Life History of the Larva of the Glassworm

Life History of the Larva of the Glassworm (Chaoboridae)

By Liam Wolff, Phinizy Research Intern

Phantom Midge by Peter Maguire

Phantom Midges by Peter Maguire

The Phinizy Center for Water Science’s research projects often includes studying the diversity and abundance of certain macroinvertebrates. In the Oxbow Lakes left behind by the Savannah River, one type of midge larva is particularly common in the sediment samples that are collected. In fact, this midge makes up a large percentage of organisms found and counted in the sediments of the Oxbow Lakes.

The Glassworm, also known as the Phantom Midge due to its transparency, is a small insect from the family Chaoboridae. Closely related to the ever-ubiquitous Chironomidae, it is small and worm-like in its larval stage, inhabiting rivers and other natural water sources, such as the Oxbow Lakes along the Savannah River. However, the glassworm has a fascinating life history – one unlike most other insects.

Phantom Midge by Peter Maguire

Phantom Midges by Peter Maguire

One of the main things that sets the glassworm apart is its diel vertical migration. This transparent creature spends the daytime in the depths of the hypolimnion – the bottom layer of the lake – poking its head out of the dense sediment, feeding on zooplankton swimming by. However, after twilight the glassworm migrates from the sediment to the epilimnion – the uppermost layer of the lake. Two pairs of air sacs control the larva’s bouyancy and are used to move up or down the stratification zones. The exchange of gases from these airsacs are actually audible, taking up much of the perceptible frequencies underwater at dusk. One of the reasons Chaoboridae exhibits this behavior is because its prey does as well. Zooplankton migrate to the epilimnion at night due to changes in temperature and light.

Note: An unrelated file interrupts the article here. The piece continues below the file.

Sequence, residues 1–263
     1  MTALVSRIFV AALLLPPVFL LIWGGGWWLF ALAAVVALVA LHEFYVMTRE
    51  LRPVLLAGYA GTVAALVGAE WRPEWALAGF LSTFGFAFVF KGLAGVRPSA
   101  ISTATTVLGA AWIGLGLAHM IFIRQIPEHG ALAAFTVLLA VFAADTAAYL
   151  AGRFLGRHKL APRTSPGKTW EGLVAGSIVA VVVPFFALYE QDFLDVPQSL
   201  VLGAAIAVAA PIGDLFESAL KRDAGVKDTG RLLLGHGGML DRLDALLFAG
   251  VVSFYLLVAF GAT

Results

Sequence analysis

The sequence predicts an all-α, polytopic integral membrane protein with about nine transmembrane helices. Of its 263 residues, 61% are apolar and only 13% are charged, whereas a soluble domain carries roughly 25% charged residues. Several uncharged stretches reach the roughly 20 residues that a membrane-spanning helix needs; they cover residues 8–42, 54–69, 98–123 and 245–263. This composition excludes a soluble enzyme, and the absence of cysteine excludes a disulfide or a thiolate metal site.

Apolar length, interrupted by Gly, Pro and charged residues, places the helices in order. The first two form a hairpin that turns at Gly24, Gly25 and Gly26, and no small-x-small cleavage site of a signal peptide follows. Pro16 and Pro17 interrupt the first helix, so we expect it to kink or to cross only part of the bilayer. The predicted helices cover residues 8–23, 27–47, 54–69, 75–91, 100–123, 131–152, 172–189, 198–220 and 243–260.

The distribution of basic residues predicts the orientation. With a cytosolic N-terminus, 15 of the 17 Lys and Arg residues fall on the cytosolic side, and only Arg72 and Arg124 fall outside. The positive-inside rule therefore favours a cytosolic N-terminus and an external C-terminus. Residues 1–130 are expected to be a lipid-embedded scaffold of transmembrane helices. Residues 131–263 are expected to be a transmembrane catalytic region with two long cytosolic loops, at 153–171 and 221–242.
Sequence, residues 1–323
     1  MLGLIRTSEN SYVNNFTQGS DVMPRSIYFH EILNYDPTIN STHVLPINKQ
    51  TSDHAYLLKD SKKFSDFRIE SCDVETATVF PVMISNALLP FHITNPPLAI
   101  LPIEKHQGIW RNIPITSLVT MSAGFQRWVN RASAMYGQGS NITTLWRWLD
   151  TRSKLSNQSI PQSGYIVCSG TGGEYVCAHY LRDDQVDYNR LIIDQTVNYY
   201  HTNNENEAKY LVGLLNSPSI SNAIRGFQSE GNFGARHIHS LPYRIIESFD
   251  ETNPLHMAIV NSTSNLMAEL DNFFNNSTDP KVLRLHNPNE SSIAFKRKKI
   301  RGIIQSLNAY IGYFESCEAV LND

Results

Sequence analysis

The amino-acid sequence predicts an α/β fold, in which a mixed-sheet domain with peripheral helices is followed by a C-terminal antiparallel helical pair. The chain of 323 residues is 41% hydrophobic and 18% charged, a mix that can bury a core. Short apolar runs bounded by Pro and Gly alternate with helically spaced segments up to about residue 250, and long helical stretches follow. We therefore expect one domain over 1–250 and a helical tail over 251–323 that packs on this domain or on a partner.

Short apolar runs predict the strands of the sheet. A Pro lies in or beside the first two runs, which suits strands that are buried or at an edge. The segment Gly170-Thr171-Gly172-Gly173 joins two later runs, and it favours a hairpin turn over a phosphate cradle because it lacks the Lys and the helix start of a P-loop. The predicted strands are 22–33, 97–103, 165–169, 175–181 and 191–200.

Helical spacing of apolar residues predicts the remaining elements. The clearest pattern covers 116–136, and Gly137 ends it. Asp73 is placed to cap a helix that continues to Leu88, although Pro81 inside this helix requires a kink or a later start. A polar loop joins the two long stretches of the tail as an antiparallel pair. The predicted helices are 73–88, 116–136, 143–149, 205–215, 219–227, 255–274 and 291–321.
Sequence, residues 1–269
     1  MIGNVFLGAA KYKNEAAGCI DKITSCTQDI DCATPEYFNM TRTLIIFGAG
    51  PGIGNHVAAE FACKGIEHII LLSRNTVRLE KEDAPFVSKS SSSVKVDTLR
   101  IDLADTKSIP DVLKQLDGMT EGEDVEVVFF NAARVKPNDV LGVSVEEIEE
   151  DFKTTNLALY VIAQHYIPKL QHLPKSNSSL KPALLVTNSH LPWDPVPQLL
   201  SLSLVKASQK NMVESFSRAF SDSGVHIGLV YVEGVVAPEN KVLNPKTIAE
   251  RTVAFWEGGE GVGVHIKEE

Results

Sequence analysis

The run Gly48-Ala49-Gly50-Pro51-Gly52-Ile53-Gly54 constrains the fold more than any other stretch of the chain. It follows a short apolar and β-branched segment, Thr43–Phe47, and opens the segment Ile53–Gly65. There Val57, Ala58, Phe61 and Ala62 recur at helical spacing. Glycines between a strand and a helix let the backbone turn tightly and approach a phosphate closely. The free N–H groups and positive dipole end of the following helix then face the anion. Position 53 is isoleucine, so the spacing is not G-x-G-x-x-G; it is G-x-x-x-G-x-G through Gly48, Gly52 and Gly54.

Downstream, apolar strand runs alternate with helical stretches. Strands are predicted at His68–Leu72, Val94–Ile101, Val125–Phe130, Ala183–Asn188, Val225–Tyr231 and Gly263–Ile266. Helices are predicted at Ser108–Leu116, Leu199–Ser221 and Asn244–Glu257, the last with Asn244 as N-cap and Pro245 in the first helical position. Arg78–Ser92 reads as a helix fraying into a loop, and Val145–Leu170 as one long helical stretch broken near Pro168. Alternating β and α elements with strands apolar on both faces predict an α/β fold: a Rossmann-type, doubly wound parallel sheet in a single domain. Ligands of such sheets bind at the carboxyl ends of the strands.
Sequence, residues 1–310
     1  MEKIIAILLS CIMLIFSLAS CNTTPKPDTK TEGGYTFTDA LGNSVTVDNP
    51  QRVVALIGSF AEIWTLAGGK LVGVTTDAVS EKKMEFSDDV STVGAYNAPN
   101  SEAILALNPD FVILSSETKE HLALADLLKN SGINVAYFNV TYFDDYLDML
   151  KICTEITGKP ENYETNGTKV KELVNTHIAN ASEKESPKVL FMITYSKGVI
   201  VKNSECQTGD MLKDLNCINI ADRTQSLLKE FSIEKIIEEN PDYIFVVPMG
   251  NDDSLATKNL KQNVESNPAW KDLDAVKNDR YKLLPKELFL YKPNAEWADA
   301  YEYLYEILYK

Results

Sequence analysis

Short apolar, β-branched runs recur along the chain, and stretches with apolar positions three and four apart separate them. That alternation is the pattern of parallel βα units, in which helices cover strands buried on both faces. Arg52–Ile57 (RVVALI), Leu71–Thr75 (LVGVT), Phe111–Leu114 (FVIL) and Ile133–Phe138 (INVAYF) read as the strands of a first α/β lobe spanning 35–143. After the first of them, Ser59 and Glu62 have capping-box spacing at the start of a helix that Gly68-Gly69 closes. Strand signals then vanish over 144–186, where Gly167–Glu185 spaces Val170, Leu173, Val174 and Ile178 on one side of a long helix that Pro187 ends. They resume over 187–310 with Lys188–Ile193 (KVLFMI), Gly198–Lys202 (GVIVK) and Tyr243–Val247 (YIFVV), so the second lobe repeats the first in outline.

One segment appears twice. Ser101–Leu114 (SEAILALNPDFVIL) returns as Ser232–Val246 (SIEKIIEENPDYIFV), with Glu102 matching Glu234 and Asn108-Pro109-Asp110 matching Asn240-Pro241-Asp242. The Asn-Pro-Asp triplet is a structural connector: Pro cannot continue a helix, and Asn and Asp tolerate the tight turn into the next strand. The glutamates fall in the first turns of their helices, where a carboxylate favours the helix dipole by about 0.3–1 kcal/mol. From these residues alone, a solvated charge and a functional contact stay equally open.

Microscope photo of two glassworms dyed with rose bengal dye from the oxbow lake Possum Eddy. Photo by Liam Wolff.

Microscope photo of two glassworms dyed with rose bengal dye from the oxbow lake Possum Eddy. Photo by Liam Wolff.

Another motive for the Phantom Midge larva to return back to its abode in the hypolimnion at dawn is to escape predation from fish. In fact, some claim this is the primary reason that Chaboridae display diel vertical migration (DVM). One study showed that glassworms in the genus Chaoborus only partook in DVM in the presence of fish (Larson 2016). In a pond devoid of fish, no glassworms were found to demonstrate their nightly migration. How the larvae are aware of the prevalance of fish is explained by chemicals signals sent out by fish called Kairomones that the glassworms can detect. Since fish cannot tolerate the low levels of oxygen in the sediments of lakes, the glassworm hides in the hypolimnion from dawn until dusk. In fact, with the exception of zooplankton, most organisms cannot tolerate the anoxic waters of the sediment. The only way the glassworm can survive is by producing energy (ATP) through an alternate route (anaerobic malate cycle). This makes them tolerable to more polluted, less healthy water bodies.

One other reason the glassworm is unique is because it has a huge impact on the community of zooplankton. Although Chaoboridae feeds mostly on rotifers, copepods and cladocerans make up a large percentage of its diet as well. During its various instar stages, the glassworm tends to prefer different types of zooplankton. This helps regulate the abundance and diversity of zooplankton in lakes, rivers, and streams.

See more photos of the Phantom Midge by Peter Maguire in his online album.